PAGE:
Whenever a Google search is conducted using Apple’s Safari browser, Google reportedly pays Apple 36 percent of the resulting ad revenue. The disclosure, originally confidential, was brought to light by Kevin Murphy, an economics professor at the University of Chicago, during his testimony on behalf of Alphabet at the ongoing Justice Department trial in Washington, as reported by Bloomberg.
This revelation adds transparency to the relationship between two major tech giants, Google and Apple, which has been under antitrust scrutiny in recent years. The Department of Justice (DOJ) alleges that Google, leveraging its extensive resources, maintains market dominance by financially incentivizing companies like Apple to make Google the default search engine on Safari, given the widespread use of Apple’s iPhone, iPad, and Mac devices. In 2021, Google reportedly paid Apple approximately $18 billion for this default search engine status, according to a New York Times report.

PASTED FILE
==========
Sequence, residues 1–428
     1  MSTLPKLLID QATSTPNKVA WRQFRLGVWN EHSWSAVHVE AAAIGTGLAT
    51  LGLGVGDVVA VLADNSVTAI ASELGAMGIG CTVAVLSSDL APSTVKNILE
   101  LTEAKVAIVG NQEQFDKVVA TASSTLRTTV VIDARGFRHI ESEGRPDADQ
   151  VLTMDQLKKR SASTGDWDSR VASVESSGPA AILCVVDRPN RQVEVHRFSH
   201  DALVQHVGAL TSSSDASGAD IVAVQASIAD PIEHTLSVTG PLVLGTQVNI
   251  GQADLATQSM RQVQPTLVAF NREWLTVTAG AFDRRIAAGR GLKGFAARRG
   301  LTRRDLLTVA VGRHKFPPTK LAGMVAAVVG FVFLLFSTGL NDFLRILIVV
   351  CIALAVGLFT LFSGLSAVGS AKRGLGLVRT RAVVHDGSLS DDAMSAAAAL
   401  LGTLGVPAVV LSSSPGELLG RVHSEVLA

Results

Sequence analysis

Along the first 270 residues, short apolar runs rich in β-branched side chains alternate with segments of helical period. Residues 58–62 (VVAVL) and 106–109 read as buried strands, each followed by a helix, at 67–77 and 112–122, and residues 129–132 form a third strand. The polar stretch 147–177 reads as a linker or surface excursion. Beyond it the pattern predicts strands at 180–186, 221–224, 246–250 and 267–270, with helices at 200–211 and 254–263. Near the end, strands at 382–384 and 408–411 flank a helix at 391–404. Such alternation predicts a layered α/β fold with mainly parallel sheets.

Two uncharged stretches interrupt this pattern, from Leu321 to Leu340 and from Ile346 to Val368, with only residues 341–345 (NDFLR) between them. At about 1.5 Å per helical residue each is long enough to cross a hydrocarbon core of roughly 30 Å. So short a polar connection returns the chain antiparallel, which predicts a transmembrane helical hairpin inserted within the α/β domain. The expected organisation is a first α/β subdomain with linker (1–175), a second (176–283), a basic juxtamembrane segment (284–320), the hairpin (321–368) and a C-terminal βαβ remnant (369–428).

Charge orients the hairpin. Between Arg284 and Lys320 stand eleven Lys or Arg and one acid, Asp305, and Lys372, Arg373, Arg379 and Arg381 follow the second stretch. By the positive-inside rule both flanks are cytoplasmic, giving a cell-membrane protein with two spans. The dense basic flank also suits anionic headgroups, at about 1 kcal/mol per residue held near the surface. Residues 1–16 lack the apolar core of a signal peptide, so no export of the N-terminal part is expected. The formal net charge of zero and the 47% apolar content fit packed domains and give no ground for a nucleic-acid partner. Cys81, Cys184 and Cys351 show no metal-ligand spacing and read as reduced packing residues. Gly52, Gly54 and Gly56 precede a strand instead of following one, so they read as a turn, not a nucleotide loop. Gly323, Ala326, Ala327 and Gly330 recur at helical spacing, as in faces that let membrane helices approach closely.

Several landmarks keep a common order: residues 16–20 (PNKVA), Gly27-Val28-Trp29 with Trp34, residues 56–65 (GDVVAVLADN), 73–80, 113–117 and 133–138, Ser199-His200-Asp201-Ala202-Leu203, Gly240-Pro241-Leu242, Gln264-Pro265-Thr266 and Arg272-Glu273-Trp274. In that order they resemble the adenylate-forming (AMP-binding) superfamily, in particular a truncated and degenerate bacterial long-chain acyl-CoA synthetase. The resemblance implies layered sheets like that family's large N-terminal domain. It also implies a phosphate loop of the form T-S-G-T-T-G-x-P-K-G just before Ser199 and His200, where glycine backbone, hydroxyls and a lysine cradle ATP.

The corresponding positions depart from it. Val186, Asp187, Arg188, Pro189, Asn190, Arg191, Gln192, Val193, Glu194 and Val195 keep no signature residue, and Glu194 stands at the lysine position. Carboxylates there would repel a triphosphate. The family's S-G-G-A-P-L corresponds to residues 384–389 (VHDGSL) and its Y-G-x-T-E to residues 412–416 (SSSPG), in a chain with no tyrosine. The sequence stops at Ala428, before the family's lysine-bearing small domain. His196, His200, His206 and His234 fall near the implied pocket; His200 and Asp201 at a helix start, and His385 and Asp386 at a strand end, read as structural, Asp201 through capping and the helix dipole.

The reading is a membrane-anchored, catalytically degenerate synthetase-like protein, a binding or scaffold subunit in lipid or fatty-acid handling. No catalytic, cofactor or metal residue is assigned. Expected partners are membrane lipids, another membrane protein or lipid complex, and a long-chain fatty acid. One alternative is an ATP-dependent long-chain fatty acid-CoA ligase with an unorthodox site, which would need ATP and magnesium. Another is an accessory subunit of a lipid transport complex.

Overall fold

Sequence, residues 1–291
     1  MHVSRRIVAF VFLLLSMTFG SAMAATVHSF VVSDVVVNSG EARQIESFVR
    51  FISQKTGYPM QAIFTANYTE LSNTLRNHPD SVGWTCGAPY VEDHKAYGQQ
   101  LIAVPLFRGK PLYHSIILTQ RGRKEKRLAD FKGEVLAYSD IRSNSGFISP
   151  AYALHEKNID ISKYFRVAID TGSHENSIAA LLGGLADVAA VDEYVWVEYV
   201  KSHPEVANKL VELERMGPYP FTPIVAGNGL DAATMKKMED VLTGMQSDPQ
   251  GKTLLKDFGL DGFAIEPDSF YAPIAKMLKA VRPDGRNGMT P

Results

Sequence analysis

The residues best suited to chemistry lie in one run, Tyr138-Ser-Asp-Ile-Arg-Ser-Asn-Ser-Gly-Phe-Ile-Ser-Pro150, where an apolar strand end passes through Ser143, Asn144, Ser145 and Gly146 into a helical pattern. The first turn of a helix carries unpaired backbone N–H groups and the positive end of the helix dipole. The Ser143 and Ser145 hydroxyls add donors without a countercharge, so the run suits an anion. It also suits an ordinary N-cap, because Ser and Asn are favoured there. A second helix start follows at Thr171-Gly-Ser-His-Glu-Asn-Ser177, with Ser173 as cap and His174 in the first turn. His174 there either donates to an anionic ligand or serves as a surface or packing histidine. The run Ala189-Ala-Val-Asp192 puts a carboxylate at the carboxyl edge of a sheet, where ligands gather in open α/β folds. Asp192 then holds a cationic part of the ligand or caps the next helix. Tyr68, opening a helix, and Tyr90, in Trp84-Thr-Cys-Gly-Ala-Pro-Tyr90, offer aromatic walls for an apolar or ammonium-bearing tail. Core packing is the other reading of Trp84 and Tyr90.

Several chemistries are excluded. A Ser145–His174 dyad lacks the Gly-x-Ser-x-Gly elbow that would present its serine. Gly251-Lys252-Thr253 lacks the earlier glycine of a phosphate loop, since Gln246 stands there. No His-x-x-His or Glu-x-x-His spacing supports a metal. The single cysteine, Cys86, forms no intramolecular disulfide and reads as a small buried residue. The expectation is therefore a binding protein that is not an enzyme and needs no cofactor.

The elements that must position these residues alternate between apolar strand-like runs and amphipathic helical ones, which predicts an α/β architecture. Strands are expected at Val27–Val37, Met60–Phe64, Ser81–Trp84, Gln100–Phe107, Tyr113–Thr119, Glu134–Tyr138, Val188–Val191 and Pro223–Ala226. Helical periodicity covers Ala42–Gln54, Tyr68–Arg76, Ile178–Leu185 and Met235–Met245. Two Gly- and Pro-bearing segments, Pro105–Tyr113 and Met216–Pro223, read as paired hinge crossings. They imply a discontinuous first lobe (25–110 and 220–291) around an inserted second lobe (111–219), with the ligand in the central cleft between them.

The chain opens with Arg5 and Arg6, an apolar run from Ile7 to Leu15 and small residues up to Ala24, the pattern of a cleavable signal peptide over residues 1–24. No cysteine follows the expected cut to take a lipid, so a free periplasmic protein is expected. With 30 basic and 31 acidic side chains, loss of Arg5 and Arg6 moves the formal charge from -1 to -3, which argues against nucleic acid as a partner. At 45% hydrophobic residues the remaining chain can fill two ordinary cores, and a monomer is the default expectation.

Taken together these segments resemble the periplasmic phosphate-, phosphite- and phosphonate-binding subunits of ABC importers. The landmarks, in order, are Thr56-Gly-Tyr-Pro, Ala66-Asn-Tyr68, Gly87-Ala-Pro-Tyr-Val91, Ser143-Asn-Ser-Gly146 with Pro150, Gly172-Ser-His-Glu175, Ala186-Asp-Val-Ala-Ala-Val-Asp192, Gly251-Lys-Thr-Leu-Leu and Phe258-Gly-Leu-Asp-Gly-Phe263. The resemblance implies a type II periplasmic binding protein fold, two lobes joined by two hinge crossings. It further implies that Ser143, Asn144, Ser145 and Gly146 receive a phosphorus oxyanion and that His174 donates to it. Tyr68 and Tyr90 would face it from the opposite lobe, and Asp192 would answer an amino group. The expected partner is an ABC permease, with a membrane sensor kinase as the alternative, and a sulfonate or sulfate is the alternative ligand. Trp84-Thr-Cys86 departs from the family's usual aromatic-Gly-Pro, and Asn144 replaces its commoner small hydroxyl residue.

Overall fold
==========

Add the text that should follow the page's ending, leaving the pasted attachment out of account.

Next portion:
In response to objections raised by both Google and Apple last week, which aimed to keep the details of their arrangement private, Google argued that making additional details public could “unreasonably undermine Google’s competitive standing in relation to both competitors and other counterparties,” as stated in a court filing by Bloomberg.
While the specific ad revenue generated by Google through Safari is not disclosed, the 36 percent figure suggests a substantial amount, likely in the tens of billions of dollars. In 2022, Google’s total revenue amounted to $279.8 billion, with a significant portion attributed to advertising.